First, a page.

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Harari’s Views on Homo Sapiens vs. Other Species

According to Harari, the Cognitive revolution was what actually separated Homo Sapiens from other species. He defines it as the emergence of new ways of thinking and communicating (Harai, 25). In this sense, it became “the point when history declared its independence from biology,” meaning that humanity developed according to its social laws rather than to principles common to all primates (Harari, 37). As such, it gave rise to symbolic thinking as the ability to conceive physically nonexistent entities and language as the way to communicate this thinking.

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The author acknowledges that most animals have systems of informative signals that may qualify as languages, but the communication of Homo Sapiens stands apart from those. First of all, it uses a fairly limited range of vocations to transfer detailed information in a way no other animals can (Harari, 24-25). Secondly and, arguably, most importantly, human language empowered symbolic thinking- the ability to invent and transmit “information about things that do not exist at all” (Harari, 27). This feature effectively enables abstract thinking and, by doing so, impacts the ways in which language contributes to the functioning of human communities.

As mentioned above, human language is distinct in its ability to transmit all kinds of information, but it is important which precise kinds Homo Sapiens found worth transmitting. According to Harari, the first function of language was gossip, and the ability “to gossip for hours on end,” sharing socially relevant information that could facilitate cohesion in social units (Harari, 26). The second function is the telling of myths, which allows the creation of shared identities and, thus, enables the “unprecedented ability to cooperate flexibly in large numbers” (Harari, 27). These functions gave Homo Sapiens an edge in competing with other human species.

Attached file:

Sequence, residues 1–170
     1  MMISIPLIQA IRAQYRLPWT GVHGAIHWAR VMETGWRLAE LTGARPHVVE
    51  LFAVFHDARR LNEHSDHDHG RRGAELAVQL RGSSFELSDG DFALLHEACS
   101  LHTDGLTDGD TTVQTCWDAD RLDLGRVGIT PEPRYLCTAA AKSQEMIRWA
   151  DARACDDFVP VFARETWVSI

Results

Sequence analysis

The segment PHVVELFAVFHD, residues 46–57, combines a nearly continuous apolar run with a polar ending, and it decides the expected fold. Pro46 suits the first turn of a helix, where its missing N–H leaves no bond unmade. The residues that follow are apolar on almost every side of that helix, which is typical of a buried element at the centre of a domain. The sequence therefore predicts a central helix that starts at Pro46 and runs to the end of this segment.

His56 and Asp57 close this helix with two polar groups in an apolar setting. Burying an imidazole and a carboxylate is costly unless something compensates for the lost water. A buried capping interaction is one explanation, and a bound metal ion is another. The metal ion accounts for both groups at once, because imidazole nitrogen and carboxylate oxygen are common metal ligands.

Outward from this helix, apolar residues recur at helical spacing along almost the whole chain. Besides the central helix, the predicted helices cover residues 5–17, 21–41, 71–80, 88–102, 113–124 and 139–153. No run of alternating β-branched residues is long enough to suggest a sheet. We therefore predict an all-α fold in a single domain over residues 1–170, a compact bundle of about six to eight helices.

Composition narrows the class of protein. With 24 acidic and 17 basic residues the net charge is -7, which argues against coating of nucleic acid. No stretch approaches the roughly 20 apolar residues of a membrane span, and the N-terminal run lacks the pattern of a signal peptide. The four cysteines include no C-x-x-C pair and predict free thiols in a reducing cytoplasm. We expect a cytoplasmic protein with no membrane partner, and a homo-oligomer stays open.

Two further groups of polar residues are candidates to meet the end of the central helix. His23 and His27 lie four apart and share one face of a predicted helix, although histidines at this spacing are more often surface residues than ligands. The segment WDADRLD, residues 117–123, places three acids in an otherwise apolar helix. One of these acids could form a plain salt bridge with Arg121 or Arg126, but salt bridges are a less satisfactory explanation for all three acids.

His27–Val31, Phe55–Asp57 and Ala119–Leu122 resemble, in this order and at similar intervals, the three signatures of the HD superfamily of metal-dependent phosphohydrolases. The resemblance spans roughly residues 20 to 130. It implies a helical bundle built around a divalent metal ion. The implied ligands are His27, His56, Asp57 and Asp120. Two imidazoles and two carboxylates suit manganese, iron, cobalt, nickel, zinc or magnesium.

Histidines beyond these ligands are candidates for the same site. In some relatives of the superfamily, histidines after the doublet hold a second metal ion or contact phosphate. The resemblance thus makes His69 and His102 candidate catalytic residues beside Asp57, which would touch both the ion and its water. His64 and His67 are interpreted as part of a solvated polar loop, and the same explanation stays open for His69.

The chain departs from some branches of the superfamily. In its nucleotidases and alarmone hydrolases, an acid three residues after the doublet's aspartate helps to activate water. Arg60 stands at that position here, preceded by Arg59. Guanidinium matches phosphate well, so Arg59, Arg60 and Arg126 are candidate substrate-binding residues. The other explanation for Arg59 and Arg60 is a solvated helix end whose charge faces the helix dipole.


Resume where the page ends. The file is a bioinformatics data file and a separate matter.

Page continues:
These functions give rise to two distinct types of communities. The first one is a relatively small unit of up to 150 people, which can operate effectively “on the basis of intimate relations, with a minimum of formal discipline” (Harari, 30). It does so thanks to the ability to share valuable social information through gossip. The second type is a community counting hundreds and more individuals. Being way too large to function based on personal relations, it relies on shared identities “rooted in common myths” (Harari, 30). These myths allow human cooperation beyond tightly-knit groups united by personal connections.

The second type of society is ultimately based on what Harari calls imagined orders. An imagined order is a combination of social norms “based neither on ingrained instincts nor on personal acquaintances, but rather on belief in shared myths” (Harari 117). It is, thus, directly related to the myth-telling function of language. An example given in the text is the American Declaration of Independence, which is objectively untrue because people as biological organisms are neither created nor equal (Harari, 122-123). However, the imagined order codified in the Declaration of Independence allows people to cooperate better even if the statements made in it are not factually true, which makes it the form of imagined order.


Harari, Y. N. (2011). Sapiens: A brief history of humankind. Vintage Books.

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